The judicial laws oblige no one except where the principle that they are articulating (general equity) is applicable. When that is the case then the judicial law, because it is an instantiation of the Moral law remains binding because God’s never revoked His moral law. It seems Judy that you desire the Moral law in the abstract but don’t desire it when its thrust is instantiated in space and time. With all due respect, it seems you want a Moral law that gives you the ability to interpret it, as you will. All, I’m asking for is that God be allowed both the Moral Law itself and whatever interpretations with which He saw fit to incarnate it.

Now as to your comment regarding ‘the general principle of equity’ allow me to offer that God Himself often gave the general principle of equity in the case law as the case law provides concrete examples of how the principle of the Moral Law was to be applied to different settings.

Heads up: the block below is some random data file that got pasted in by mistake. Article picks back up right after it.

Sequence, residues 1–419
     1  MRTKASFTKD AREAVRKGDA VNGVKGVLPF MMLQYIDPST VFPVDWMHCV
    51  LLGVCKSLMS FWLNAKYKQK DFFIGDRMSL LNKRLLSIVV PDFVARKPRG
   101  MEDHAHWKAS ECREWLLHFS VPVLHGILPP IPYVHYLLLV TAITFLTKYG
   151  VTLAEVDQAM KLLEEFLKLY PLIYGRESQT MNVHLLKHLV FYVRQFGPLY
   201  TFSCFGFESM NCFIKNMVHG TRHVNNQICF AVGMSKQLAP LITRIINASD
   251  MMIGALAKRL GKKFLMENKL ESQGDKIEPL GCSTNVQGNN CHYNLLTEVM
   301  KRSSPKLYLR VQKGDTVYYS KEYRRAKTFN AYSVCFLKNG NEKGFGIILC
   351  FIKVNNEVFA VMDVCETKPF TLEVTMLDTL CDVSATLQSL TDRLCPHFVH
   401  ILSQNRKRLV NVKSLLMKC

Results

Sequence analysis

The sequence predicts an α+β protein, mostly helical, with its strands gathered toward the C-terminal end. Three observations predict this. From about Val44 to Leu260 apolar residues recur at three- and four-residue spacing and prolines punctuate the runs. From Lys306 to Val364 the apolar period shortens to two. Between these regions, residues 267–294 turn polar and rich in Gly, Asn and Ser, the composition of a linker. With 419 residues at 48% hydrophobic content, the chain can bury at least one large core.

Judy offers,

The Westminster Divines sure weren’t Theonomists.

Bret responds,

The Westminster Divines were proto-Theonomists Judy. They certainly were. You’re problem is that you are reading the WCF through your lenses. I have read Samuel Bolton (one of the Westminster Divines) on this very subject. Believe me Judy, you would be shocked by Bolton and would be accusing him of hyper Theonomy. I must take the interpretation of Bolton (A Westminster Divine) over your interesting interpretation of the Westminster.

Judy offers,

Bret, you said that the old-time dispensationalists were only Christians after a fashion? How can you be an ‘after-a-fashion Christian?’ You mean they only had the objective markers of covenant membership? You’re saying they weren’t real Christians.

Bret responds,

Only God and the individual concerned with this question regarding their own position relative to Christ knows who ‘real’ Christians are Judy. I am content with saying that Dispensationalists stood in some type of proper relation to Christ and His Church and as such should be spoken of with Charity as Christians. I hope that people will speak with such Charity of me some day.

Judy asks,

Bret are you saying that if we’re not a Theonomist like you, then we don’t believe in Scriptural morality at all?

Bret answers,

Now, come, come, Judy. How many times have you heard this type of line from unbelievers in your witnessing efforts?

For example,

“Judy, are you saying that if we don’t believe just like you then we are going to hell.”?